The Revolution Continues: A New Actor in an Old Place
ProQuest, 2007 - 212 pages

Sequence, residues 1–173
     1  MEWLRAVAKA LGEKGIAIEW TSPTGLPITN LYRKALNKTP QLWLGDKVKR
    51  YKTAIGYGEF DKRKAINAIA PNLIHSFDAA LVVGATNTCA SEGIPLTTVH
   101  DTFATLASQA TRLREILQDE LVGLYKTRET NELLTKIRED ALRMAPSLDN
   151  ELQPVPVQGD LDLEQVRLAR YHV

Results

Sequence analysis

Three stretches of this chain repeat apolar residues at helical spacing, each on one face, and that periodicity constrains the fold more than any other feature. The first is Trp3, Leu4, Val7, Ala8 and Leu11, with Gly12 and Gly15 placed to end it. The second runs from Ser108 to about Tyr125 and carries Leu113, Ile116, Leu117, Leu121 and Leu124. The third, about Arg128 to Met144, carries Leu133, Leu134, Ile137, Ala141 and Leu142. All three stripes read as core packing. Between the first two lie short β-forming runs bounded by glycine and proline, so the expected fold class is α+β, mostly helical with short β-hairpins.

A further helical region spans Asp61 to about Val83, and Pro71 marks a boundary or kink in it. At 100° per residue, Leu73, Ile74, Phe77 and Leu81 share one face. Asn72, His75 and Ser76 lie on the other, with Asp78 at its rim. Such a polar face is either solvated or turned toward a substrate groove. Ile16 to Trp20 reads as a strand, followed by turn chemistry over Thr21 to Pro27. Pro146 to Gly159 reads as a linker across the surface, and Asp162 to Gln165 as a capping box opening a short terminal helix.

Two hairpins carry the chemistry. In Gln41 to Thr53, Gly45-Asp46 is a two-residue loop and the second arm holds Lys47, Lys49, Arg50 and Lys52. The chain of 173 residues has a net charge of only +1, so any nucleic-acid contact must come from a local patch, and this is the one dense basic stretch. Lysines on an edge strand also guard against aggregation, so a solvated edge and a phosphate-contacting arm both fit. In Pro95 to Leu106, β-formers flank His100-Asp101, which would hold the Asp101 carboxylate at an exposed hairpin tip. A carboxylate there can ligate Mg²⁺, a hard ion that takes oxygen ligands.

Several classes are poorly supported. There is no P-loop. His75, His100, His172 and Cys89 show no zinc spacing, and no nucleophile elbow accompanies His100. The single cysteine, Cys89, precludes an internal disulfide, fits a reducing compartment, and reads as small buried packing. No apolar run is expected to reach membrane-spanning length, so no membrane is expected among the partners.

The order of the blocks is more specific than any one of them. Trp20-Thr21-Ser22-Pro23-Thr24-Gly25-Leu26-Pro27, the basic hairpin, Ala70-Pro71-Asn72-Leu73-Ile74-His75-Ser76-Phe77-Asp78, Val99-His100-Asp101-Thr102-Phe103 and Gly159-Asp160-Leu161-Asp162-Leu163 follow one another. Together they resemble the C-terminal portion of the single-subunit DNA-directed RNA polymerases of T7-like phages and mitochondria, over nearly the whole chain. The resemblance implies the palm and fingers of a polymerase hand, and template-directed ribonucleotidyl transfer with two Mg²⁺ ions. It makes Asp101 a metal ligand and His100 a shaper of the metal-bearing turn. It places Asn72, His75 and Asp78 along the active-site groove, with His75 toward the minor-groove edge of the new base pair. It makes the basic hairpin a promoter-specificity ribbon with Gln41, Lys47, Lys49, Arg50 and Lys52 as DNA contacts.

I believe that acting theories are theatrical performances of societies, and a dominant acting theory is a performance of specific systems of power that control and regulate a culture. By observing the rules of a dominant acting theory, and by observing the actor's condition, as in how the actor's body and mind are constrained, encouraged to be creative, or forced to repeat a set of actions, it is possible to "read" the power systems that either constrain or liberate a people. Concerning the production of a play, if a director and an actor make a conscious choice to use a dominant acting theory, then the use of the theory, whether it is a historic representation of the time and place defined by the play or not, represents a conscious choice of collaboration or resistance with the specific cultural conversation of the playwright. If a collaboration takes place, then the director, actor, and audience watching represent a culture defined by resistance to systems of power. If a director and an actor use a dominant acting theory unconsciously, then the play is not defined by conscious choices of collaboration or resistance, but rather by an unconscious presentation of a specific set of rules and regulations. If the director, actor, and audience watching take part in an unconscious presentation of rules and regulations, then the actor, director, and audience watching participate in the erasure of an alternative cultural conversations, and the erasure exposes a culture that is defined by compliance to specific systems of power.